TO as lan dhcp client with ipv4 & stateful ipv6?

Trying to configure the TO as lan dhcp client to an upstream router (another TO) but fail to comprehend how to have both, ipv4 and ipv6, on the lan client.

Starting there is no iface option to have dhcp ipv4 and ipv6 on the same lan iface. The protocol that can be chosen is either DHCP client, which covers ipv4 only, or DHCPv6 client which then only covers ipv6.

Is there something I am missing that would enable dhcp ivp4 and ipv6 on the same lan face as opposed to the cumbersome 2 iface way?

If not then there would be indeed 2 lan ifaces, one for each protocol type. Say ipv4 would enslave eth0 and eth2 in a bridge what is left for ipv6 to connect with?

Surely it cannot be rocket science for a simple TO as lan client setup?

While I can not help you with your main request, please keep in mind that for the secondary TO to be able to hand out IPv6 addresses to connected clients, you will need either delegate prefixes from the primary TO. should be a decent starting point, if PD does not work you might need to use dhcp6/ra/ndp relaying see the section titled " Router Advertisement & DHCPv6" in the linked page.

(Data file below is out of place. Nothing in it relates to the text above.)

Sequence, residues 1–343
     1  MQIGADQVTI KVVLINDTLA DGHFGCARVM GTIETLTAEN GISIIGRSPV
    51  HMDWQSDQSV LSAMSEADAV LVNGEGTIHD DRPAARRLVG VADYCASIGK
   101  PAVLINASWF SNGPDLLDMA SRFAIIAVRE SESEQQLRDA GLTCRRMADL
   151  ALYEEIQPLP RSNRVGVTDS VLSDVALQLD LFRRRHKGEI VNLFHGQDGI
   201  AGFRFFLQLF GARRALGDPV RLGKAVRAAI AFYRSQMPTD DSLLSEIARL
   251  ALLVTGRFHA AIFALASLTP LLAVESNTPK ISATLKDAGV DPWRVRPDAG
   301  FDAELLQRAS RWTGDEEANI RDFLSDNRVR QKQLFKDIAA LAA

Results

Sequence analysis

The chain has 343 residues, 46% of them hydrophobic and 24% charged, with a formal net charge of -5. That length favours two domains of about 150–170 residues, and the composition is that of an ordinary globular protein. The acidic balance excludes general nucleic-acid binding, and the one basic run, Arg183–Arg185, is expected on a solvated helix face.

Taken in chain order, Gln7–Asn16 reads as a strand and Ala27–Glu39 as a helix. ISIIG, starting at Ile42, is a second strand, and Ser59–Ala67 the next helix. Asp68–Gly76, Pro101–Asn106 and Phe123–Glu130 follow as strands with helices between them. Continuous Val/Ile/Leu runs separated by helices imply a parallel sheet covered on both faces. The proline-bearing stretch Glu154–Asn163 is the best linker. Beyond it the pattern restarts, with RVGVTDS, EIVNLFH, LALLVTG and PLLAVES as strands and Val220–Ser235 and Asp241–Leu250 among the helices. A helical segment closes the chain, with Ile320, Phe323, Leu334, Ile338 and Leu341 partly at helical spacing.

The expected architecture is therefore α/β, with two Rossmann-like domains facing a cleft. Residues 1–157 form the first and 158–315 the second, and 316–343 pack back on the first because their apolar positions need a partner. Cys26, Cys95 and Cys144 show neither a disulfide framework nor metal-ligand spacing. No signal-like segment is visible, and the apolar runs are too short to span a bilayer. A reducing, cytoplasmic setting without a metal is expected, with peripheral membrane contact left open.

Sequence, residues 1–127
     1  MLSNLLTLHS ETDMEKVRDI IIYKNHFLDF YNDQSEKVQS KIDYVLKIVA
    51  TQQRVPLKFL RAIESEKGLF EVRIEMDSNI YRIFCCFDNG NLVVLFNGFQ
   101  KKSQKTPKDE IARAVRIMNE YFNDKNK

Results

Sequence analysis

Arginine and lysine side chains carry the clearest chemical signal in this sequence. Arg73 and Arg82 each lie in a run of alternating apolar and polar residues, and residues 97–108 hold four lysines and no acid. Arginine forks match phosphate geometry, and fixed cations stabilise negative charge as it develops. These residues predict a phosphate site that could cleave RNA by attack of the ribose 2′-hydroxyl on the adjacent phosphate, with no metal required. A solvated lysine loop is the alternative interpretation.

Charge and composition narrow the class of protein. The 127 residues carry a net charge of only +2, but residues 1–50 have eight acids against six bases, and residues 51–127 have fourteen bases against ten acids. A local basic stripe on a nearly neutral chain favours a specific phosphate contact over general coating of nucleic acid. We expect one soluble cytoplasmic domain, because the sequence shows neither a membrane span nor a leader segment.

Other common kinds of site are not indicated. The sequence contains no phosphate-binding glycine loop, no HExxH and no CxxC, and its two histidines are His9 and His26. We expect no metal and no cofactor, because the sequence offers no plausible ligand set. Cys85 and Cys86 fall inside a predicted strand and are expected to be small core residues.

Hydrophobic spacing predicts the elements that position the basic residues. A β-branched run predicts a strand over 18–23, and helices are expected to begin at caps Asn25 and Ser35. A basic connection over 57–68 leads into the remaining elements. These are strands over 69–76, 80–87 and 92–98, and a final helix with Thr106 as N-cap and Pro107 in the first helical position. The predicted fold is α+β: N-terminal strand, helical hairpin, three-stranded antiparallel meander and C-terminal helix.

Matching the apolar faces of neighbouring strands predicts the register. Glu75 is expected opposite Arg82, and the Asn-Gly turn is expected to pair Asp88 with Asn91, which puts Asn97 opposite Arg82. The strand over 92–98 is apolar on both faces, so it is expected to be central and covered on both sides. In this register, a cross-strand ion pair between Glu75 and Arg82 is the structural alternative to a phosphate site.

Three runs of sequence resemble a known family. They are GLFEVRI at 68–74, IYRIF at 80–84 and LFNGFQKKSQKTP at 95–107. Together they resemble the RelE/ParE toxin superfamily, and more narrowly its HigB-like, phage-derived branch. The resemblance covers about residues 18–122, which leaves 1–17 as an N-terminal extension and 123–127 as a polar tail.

That is no issue in general. And for this use case not applicable.

DHCP can be worked around with static ip but that requires setting the respective gateways manually and the the upstream dns server address

But working around (static does not require 2 ifaces) was not the point of this thread nor delegation but rather how to get ipv4/ipv6 dhcp on the lan client.

So you fail to automatically get an IPv6 address on the secondary TO?
Why are you using br-lan as the interface to uplink to the primary TO?

I believe that OpenWrt uses wan and wan6 automatically by default, so it seems the dual interface method is the “official” way.

But I guess, I really do not undersatand your exact problem and lack the knowledge to actually help you even if I undestood the issue, so I apologize for wasting electrons…

exchange is always good.

wan is likely a bit different than lan since the ISP commonly do not provide both ipv4 and ipv6 via DHCP but rather deploy some mechanism of packet encapsulation (ipv4 in ipv6 or vv) or stateless transition/mapping.
I do not see that the upstream TO can provide such mechanism to the downstream TO.